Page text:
I have recently been making quite a few cutting boards, and I have cut a juice groove into all of them. So, I wanted to share with you my method of routing out a juice groove.
This method doesn’t require a CNC, or a complex jig that fits on your cutting board. Instead, all it uses is a palm router and an edge guide. That’s one of the main things I love about this method of making a cutting board juice groove – the simplicity!
CNC machines are amazing when you have one, but they definitely aren’t a staple in many shops (mine included). I also didn’t want to build a complex jig that has to be adjusted for every new board I make. So, after testing out this method on many, many cutting boards, I can safely say that this is my favorite method.
So, whether you call it a juice groove, a blood groove, or a drip edge; keep reading to find out a simple method of how to route one!
First, let’s talk about safety. Like I mentioned, this method uses a palm router. Just by the nature of this, there are inherent risks in using a power tool like a palm router. Use yours only if you feel safe and confident in using it.
Step 1: Gather your Materials
- palm router
- edge guide that fits your router
- 3/8″ round nose bit
- combination square
- cutting board (here is a great tutorial for how to make a cutting board)
Step 2: Attach Router Bit and Edge Guide
This step is assuming you have already made your cutting board. For a tutorial for how to joint long boards without a jointer, check out this post. Straight edges are imperative when making your own cutting board!
Q: What is the best router bit for a juice groove?
The correct router bit to use in order to cut a juice groove is a 3/8″ round nose bit.
This is the edge guide I have. It attaches to the side of your router and provides a fence for the router to push against.
Step 3: Set the Depth
Q: How far from the edge should a juice groove be?
A: A good distance for a juice groove to be is 3/4″. This is the distance from the edge of the board to the closest edge of the juice groove.
I set my combination square to 3/4″. This will be the distance from the edge of the board to the edge of the juice groove.
If you would like to try this out with a very affordable router, check out the best budget wood router I have found.
Step 4: Mark your Board
Using your combination square set to 3/4″, mark that distance on every corner of the board. Make your marks prominent, because this is what you will be looking for while you are routing. You will stop at these marks.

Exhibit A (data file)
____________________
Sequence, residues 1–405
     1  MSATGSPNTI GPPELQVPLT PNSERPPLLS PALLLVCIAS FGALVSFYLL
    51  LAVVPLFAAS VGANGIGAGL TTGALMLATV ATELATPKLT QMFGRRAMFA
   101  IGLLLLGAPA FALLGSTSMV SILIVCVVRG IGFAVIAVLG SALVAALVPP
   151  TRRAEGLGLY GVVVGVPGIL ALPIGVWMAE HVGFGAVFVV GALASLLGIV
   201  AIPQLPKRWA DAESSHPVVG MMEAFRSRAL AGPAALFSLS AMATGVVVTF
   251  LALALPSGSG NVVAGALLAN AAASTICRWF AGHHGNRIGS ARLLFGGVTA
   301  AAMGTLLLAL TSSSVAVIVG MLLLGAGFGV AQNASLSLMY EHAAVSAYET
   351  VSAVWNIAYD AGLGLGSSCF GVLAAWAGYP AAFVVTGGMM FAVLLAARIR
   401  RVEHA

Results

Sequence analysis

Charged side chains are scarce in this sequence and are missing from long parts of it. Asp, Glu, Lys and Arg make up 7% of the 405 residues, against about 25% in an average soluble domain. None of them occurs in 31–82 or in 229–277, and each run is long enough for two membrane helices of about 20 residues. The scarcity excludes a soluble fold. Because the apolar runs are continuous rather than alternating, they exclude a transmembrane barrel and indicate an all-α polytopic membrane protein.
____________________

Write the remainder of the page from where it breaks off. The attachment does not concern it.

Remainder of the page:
Step 5: Route the Juice Groove
Clamp the cutting board to your workbench. Be sure to leave room for the router to move freely.
Inch your way to the right, until you meet the mark that you previously made. Then, slowly and steadily, work your way left until you reach the other mark on the left side.
A couple tips when you are routing the blood groove – if you are getting burn marks in your groove, you are probably going too slow. If the wood is chipping, you are probably going too fast, or you need a new router bit.
Also, make multiple shallow passes. Start shallow and gradually go deeper. While this does take longer, it is safer and you will get a better result in the end.
Figuring out which way to run your router can be a little confusing. I found this article on how to use the correct router feed direction very helpful.
Turn off the router and allow it to fully stop before you lift it off the cutting board.
Repeat this on the other 3 sides.
I also did this same method to make a cigar rest when I made this wooden cigar ashtray.
Another great way to upgrade your board is to add a handle. Find a tutorial for how to route a finger groove handle on your cutting board here! I also love to add an inlay to my cutting boards. My favorite is a Texas inlay from Slab Stitcher – here is a tutorial for how to create perfect wooden inlays!
You can find another example of a juice groove in this post on how to make an end grain cutting board from scrap wood.
You can now sand and seal your board. My favorite method of sanding to create to smoothest finish is this:
- sand with 80 grit sandpaper
- spray with water to “water pop” the board
- allow it to dry
- sand again with 120 grit sandpaper
Seal it with Odie’s Oil. It is food safe, creates great protection for the cutting board, and smells amazing!
And that’s it! I love this simple way to cut a drip edge on a cutting board. It’s even better that no CNC is required. And not only that, but you don’t have to make a complex router groove jig that fits the board. All you need is an edge guide for your router!
While you’re at it, check out this post on the best tips and tricks for making your own cutting board here!
Find the web story for how to route a juice groove on a cutting board here!